If you struggle with a mental illness of any kind, you can take comfort in knowing you’re not alone. And this is evidenced in a study published by the Centers for Disease Control and Prevention (CDC), which revealed 1 in 25 Americans live with a mental illness. Considering that Mental Health Awareness Month, which runs from May 1st through May 31st, is right around the corner, this is an opportune time to discuss why mental health awareness matters.
What You May Not Have Known About Mental Health Disorders but Definitely Should
Something to note relative to mental health disorders is they come in many different flavors, and all of them can dramatically affect someone’s life. To that end, some of the more commonly diagnosed mental health disorders in the U.S. include the following:
- Substance use disorders
- Bipolar disorder
- Post-traumatic stress disorder (PTSD)
- Suicidal ideation
While most people struggling with a mental health disorder are in the care of a physician or therapist, some are not receiving treatment at all. There are several reasons why that is the case, but one of the most concerning, however, is some people with a mental illness don’t realize they have one. Thanks to campaigns like Mental Health Awareness Month, more people have become adept at recognizing some of the telling signs of anxiety, depression, PTSD, and the like. As a result, more people are being officially diagnosed and getting the treatments they need to improve their life. Some of the signs synonymous with most mental illnesses include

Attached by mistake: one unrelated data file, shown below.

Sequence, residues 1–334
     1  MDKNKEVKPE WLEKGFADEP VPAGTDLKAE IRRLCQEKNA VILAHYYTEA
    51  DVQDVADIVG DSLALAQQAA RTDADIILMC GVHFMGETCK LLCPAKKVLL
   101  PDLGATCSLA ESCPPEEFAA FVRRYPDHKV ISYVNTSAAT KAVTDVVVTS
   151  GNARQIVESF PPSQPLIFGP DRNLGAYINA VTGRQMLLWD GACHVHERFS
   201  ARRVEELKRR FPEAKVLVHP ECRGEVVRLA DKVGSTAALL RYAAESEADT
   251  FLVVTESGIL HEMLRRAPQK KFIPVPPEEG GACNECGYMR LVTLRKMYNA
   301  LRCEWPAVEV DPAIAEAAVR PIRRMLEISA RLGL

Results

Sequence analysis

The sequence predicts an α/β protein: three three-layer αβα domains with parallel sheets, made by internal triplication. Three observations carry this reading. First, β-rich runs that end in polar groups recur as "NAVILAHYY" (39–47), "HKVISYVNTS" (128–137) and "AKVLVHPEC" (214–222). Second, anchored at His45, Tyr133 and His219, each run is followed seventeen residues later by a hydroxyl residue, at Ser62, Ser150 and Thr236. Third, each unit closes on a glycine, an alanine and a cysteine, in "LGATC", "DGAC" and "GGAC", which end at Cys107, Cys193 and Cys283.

- Abusing drugs, alcohol, or both
- Changes in sleeping patterns
- Feeling hopeless
- Impulsive decision making
- Loss of appetite
Stigma and Mental Health Resources: Feeling Judged and Not Knowing Where to Go For Help
If you suspect that you might be struggling with anxiety, depression, or a similar disorder that affects how you feel about yourself or the world around you, there are two things you need to know. Firstly, thanks to 2021 Olympian Simone Biles, tennis superstar Naomi Osaka, and other athletes, not to mention A-list celebrities, there is less of a stigma surrounding mental illness these days. Second, there are countless resources available to those who need help, including mental health hospitals when things get especially scary.
In summary, life is unpredictable and downright intimidating sometimes. But it can be that much more unpredictable and intimidating when you have a mental illness. If you suspect you have a mental illness, please don’t suffer in silence; get the help you need today.